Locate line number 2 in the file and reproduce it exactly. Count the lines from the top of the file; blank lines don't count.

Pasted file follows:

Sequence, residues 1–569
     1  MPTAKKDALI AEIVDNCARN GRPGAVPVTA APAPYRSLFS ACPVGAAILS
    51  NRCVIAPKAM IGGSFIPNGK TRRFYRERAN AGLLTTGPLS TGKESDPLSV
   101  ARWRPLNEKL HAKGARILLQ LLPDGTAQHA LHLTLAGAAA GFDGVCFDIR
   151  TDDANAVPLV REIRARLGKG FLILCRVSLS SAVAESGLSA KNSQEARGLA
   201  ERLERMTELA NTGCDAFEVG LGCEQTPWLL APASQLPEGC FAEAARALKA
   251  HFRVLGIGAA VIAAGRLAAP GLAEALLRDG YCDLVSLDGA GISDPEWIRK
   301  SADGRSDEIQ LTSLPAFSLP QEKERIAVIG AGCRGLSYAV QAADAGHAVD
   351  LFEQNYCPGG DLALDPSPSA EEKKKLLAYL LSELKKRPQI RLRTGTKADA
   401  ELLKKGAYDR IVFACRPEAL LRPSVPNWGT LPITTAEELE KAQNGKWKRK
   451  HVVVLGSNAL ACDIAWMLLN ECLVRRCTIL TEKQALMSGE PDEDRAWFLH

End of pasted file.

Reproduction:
     1  MPTAKKDALI AEIVDNCARN GRPGAVPVTA APAPYRSLFS ACPVGAAILS